But that we are so totally depraved, is a truth which no one ever truly learned by being only told it. ...experience is the Lord's school, and they who are taught by him usually learn, that they have no wisdom by the mistakes they make, and that they have no strength by the slips and falls they meet with.
... Thus by degrees they are weaned from leaning to any supposed wisdom, power, or goodness in themselves; they feel the truth of our Lord's words, "Without me [you] can do nothing;"...
Whoever is truly humbled will not be easily angry, ...will be compassionate and tender to the infirmities of his fellow-sinners, knowing, that if there be a difference, it is grace that has made it, and that he has the seeds of every evil in his own heart; and, under all trials and afflictions, he will look to the hand of the Lord, and lay his mouth in the dust, acknowledging that he suffers much less than his iniquities have deserved. 
These are some of the advantages and good fruits which the Lord enables us to obtain from that bitter root, indwelling sin.

You can go and read the full letter HERE.

Monday, July 1, 2019

Waking Up to Male Privilege

I went on a walk last night to pray. It was around midnight. It was in a pretty "safe" neighborhood. I was preparing to preach on Genesis 34 the next morning. It's the heartrending story of the rape of Dinah, daughter of Leah and Jacob.

At some point in that walk, it struck me that I wasn't worried (even though there are a few killer dogs I prefer to avoid). That lack of fear is a luxury I usually take for granted.

That's not a luxury most women enjoy. My wife was recently on a walk at night in that same neighborhood. At one point she noticed a vehicle that seemed to be following her (parking, then moving). She "tested" that theory, and got a little more concerned. She wasn't far from home, so she crossed the street and ducked behind our van in our driveway. I saw her through the window, so I came out to find out what was going on. After hearing what had happened, she described the vehicle and we realized it was right across the street, parked near the public mailbox.

My adrenaline was pumping and I started walking toward the vehicle, wondering what to do and/or say. I yelled across the street at the guy (his window was down), and after he gave me a lame answer to my questions, he drove away.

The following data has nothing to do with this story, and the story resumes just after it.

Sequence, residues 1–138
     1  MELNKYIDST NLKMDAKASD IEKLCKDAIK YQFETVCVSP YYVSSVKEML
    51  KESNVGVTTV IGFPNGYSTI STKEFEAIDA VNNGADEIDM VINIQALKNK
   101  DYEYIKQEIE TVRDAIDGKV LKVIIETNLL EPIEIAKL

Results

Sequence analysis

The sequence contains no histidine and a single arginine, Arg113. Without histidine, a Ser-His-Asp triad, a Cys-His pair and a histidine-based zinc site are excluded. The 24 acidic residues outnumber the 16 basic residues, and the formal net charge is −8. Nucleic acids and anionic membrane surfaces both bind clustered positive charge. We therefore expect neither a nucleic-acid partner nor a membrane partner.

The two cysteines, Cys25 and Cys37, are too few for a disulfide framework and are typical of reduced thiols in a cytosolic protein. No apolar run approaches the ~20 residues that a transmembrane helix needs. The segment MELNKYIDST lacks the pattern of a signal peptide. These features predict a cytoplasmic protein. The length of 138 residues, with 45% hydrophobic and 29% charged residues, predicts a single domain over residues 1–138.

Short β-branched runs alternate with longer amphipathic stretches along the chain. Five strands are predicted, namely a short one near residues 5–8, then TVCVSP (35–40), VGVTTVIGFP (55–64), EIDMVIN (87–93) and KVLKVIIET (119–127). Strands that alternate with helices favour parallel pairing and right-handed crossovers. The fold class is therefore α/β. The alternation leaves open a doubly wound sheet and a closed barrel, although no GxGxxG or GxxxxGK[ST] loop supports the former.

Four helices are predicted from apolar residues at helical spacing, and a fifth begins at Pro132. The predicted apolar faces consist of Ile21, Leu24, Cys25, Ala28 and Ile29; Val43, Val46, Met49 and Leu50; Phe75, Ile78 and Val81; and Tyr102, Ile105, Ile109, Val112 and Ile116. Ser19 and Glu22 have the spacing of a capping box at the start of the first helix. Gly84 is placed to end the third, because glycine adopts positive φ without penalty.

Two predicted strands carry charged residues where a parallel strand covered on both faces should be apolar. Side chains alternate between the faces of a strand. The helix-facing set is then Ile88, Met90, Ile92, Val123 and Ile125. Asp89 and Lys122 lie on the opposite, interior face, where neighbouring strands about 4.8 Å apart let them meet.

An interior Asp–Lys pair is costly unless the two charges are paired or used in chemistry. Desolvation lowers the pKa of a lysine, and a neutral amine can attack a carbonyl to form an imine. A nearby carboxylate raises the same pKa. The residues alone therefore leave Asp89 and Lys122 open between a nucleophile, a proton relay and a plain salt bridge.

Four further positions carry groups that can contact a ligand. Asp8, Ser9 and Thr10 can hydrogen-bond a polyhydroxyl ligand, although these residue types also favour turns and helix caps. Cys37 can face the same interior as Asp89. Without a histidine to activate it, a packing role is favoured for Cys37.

I take the safety of solitary late-night walks (or runs) for granted. Women don't.

Genesis 34 starts out like this:
1 Now Dinah the daughter of Leah, whom she had borne to Jacob, went out to see the women of the land. 2 And when Shechem the son of Hamor the Hivite, the prince of the land, saw her, he seized her and lay with her and humiliated her.
It's likely that "going out to see the women of the land" carries negative connotations. It wasn't wise for Dinah to do this alone. Canaan was a dangerous place for young women. And she was most likely only 15 or 16 years old. But the text says nothing about her to chide or blame. She is a victim of Shechem's unbridled lust. This is rape. This is sexual assault. He saw her. He seized her. He forced himself on her, humiliating and degrading her.

If you wonder what the Bible, what God, thinks of this, we get the clear judgment in verse 7:
The sons of Jacob had come in from the field as soon as they heard of it, and the men were indignant and very angry, because he had done an outrageous thing in Israel by lying with Jacob's daughter, for such a thing must not be done.
In Hebrew narrative, editorial explanations are rare. When they are given, they are the ancient near eastern equivalent of bold and underline emphasis. What Shechem did was an outrageous thing. Outrage is the righteous response. The brothers were right to be indignant and very angry. Such a thing must not be done!